March 8, 2019: The ministry of finance on Friday clarified a report in a section of media which contends that the government has borrowed Rs.2.9 trillion in just 7 months to finance budget deficit which is not correct as increase in debt stock cannot be termed as borrowing of the government.
A statement of the ministry explained that the increase in debt stock incorporates devaluation impact due to depreciation of Pak Rupee against US Dollar as well as impact of increase in credit balance of the government with the banking system, it added.
In terms of US Dollar, central government’s external debt increased from $64.1 billion at the end of June 2018 to US$ 65.8 billion at the end of January 2019.
Therefore, an increase of around $1.7 billion was recorded in central government external debt during first seven months of current fiscal year compared with the increase of $5.9 billion during the same period last year.
In rupee terms, central government external debt amounting $65.8 billion becomes equivalent to Rs.9, 096 billion at an exchange rate of Rs.138.25 per USD.
Therefore, the value of central government’s external debt has increased by Rs 1,300 billion during first seven months of current fiscal year (from Rs 7,796 billion at end June 2018to Rs 9,096 billion at the end of January 2019).
Here, it needs to be understood that out of this increase of Rs 1,300 billion, around Rs 1,100 billion or 85 percent is attributable to depreciation of Pak Rupee against US Dollar.
Hence actual borrowing was significantly lower than what is reported in the news report. It is also worth noting that depreciation of Pak Rupee increases the rupee value of external debt (reporting loss), but does not add much too foreign currency liability of the country during any particular fiscal year.
Similarly, apart from domestic financing of fiscal deficit, increase in credit balances of the government with the banking system has resulted in increase in domestic debt stock.
In the light of above mentioned facts, Ministry of Finance refutes the claim of news report that federal government has borrowed Rs 2.9 trillion in just seven months to finance the budget deficit of the country.
In fact, actual borrowing for financing of budget deficit was much lower and rest of the increase in public debt can be explained through above mentioned factors.
Moreover, the news report contains self-contradictory statements, as on one hand it states that Pakistan recorded a budget deficit of one trillion rupees during first six months of current fiscal year while on other hand it states that government borrowing for financing of fiscal deficit was almost three times during first seven month of current fiscal year.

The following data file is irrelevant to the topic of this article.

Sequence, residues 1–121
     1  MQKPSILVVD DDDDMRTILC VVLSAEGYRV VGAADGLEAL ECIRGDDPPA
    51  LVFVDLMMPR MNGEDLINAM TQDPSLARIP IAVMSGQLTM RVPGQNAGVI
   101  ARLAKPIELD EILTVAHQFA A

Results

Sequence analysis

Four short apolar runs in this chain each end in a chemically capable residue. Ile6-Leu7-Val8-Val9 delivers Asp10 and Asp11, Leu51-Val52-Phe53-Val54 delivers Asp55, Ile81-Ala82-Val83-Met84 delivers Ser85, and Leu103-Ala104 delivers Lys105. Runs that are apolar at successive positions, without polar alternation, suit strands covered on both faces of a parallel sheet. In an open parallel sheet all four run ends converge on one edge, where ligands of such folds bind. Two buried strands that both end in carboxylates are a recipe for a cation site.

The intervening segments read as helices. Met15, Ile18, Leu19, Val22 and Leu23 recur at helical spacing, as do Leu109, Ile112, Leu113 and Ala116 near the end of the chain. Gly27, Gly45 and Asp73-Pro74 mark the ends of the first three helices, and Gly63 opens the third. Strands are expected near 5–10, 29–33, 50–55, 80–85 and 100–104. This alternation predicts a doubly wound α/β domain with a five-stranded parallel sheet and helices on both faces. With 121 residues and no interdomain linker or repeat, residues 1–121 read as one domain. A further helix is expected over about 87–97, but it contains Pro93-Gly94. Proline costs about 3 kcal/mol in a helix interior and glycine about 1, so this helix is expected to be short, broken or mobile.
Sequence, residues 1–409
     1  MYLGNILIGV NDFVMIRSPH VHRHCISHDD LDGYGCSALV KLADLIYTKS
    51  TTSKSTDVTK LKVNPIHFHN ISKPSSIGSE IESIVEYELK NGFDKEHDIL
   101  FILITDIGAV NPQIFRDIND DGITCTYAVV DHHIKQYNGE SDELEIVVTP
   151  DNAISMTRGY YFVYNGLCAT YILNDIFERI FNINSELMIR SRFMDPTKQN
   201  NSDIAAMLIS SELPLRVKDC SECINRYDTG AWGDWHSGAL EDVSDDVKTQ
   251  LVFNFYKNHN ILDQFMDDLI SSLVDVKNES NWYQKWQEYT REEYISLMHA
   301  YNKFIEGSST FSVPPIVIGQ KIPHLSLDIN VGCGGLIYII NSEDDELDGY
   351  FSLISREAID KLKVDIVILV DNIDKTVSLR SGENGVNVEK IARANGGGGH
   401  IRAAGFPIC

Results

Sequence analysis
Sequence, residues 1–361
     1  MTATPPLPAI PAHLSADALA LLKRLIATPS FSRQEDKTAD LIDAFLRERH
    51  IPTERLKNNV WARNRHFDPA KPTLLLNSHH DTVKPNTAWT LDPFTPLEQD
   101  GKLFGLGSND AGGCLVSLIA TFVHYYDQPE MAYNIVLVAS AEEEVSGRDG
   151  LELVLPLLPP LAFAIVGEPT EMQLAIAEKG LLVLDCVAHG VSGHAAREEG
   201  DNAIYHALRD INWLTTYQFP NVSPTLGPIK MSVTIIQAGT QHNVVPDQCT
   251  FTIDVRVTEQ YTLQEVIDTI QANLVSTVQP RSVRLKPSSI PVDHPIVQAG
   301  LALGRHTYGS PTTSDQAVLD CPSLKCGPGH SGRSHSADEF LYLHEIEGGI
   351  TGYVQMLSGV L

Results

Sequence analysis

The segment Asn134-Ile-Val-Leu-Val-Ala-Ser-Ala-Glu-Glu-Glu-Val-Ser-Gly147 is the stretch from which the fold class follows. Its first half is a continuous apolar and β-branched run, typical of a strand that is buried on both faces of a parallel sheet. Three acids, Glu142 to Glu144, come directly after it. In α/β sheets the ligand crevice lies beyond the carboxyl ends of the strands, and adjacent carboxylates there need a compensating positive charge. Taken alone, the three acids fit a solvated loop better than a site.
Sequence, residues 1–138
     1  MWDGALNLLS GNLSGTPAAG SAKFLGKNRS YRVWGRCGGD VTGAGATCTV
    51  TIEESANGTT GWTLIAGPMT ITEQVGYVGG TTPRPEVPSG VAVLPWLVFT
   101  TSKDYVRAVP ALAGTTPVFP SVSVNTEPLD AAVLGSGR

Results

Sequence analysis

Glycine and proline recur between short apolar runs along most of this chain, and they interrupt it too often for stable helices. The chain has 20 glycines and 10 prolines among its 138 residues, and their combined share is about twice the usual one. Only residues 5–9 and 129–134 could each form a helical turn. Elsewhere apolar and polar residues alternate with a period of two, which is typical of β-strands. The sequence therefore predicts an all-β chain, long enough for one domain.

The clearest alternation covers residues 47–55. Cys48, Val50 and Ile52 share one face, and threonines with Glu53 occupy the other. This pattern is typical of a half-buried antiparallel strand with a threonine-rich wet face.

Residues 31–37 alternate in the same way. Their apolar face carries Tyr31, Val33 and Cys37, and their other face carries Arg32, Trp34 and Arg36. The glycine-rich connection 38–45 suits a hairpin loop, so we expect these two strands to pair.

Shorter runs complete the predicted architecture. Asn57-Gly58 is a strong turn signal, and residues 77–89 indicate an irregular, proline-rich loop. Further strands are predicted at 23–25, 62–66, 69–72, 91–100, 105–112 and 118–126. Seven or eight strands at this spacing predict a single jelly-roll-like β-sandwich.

There is also a need to understand that present government inherited many challenges on domestic and external front which forced it to borrow to meet its social and development goals.
Particularly, Public Debt to GDP ratio was 72.5 percent at end June 2018 as against threshold of 60 percent as stipulated under FRDL Act while Federal Fiscal Deficit (excluding foreign grants) was 6.5 percent during 2017-18 against the threshold of 4 percent. Resultantly, existing debt obligations contracted by the previous governments consumed around 37 percent of government revenues during 2017-18.
Since major chunk of revenue is consumed by debt servicing, additional borrowing is required to meet other current and development expenditure. Similarly, on external front, increase in imports pushed the current account deficit to a historic level of around USD 19 billion during 2017-18, which exerted pressure on foreign exchange reserves as well as on exchange rate which depreciated by around 32 percent during last one and half year. This has not only contributed towards fueling the inflation but has also increased the stock of external public debt significantly.
Given, this prevalent economic situation, a multipronged strategy is being pursued with focus to substantially increase tax revenues and country’s foreign exchange earnings. At the same time, reducing unnecessary expenditures with curtailment of losses of public sector enterprises is also being pursued to bring down the deficit. Government has also taken initiatives to expedite institutional reform and promote austerity to reduce non-development and non-productive spending. All these measures are expected to reduce the debt burden of the country in the medium term, the statement concluded.